The week before the festival it was awful: I was finishing the film and watching it and watching it and hating everything about it, just nervous about the premiere. Then we had the screening and it was terrific. It was amazing and fun and magical and then the next day we have two reviews and it’s ecstatic to read a positive review and I told myself I wouldn’t be bothered by negative reviews if it’s a fair, good review, but reading a biting review of the movie where it feels like they didn’t respect…. It bothers me.
To be honest with you, we hope we can sell the movie and get our money back, so there’s the stress of that. This is a market, so there are buyers here at the market, but you get nervous because no one’s buying movies anymore for anything like what the filmmakers pay for it.
It’s funny that this is coming out at the same time as Jim Jarmusch’s intelligent vampire comedy. Have you seen it?
Jarmusch is a singular filmmaker, I probably wouldn’t watch a movie like his before mine because I would be too self-conscious about how brilliant it is. There was a movie that was at Sundance this year called What We Do in the Shadows by some of the cast members of Flight of the Conchords and it’s supposed to be a really wacky vampire comedy. I’m really, really curious to see that movie because that’s more along the same style of our film — an absurdist vampire movie – as opposed to Jarmsuch who’s going to be dark and heavy and existential and probably A Girl Walks Home Alone at Night, which seems very artsy and interesting.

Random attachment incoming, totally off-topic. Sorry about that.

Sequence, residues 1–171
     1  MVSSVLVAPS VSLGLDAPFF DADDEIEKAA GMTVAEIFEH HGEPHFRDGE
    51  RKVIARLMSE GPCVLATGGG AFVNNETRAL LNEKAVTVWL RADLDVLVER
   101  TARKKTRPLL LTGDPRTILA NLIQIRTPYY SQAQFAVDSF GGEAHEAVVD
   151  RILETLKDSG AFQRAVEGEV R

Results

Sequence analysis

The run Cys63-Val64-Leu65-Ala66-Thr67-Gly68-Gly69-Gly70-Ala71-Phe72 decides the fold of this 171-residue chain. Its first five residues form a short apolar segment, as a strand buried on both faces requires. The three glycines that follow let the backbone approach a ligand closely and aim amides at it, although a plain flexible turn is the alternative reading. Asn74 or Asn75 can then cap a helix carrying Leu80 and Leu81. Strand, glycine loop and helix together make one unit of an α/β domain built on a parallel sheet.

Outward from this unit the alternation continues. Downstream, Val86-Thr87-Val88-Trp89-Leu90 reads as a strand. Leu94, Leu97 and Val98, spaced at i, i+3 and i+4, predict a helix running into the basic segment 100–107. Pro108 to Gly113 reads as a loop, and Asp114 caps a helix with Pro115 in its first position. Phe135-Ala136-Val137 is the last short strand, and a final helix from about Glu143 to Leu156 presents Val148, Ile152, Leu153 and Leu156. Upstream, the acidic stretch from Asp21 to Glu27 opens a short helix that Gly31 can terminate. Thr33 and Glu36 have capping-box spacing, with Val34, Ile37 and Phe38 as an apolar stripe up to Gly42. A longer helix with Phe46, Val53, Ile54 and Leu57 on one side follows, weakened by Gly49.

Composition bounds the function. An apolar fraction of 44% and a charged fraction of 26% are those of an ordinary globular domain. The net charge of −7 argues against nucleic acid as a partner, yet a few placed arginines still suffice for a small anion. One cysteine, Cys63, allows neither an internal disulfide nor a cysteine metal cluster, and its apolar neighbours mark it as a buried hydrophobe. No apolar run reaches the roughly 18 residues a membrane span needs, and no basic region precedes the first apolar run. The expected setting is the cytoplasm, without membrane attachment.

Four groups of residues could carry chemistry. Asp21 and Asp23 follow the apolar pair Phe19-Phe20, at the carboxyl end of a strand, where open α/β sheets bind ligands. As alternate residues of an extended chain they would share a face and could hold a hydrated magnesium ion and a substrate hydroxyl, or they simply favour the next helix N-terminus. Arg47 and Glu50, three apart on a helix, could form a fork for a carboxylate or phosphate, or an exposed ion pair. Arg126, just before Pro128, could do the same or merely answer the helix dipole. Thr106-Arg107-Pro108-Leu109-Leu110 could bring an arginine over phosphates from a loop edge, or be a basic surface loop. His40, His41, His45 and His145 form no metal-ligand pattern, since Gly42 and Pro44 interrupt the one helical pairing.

I’m 41 and I have to make a decision at some point about whether or not I want to get married and have a family because I’m sort of at that crossroads. I’d like to have kids one day but then again I like my bachelorhood, I like being able to travel and go wherever I want. This freedom and time to do things like make independent low-budget movies and paint and work on children’s books because I do some of that. Summer of Blood really is about the choice that someone has to make: do I want to live a life of selfishness, or do I want to live a life of giving to someone else?
We all knew that was going to be fun and playful. I knew there wasn’t going to be any nudity in the movie, so I knew it wouldn’t be exploitative. I didn’t want to have any female nudity without male nudity – I’d have to be completely exposed, and I’m just not comfortable doing that. I think while my mother’s still alive I’d be afraid to show myself completely naked in a film.
“Summer of Blood” continues April 18, 24 and 26 at Bow Tie Cinemas in Chelsea; tickets here.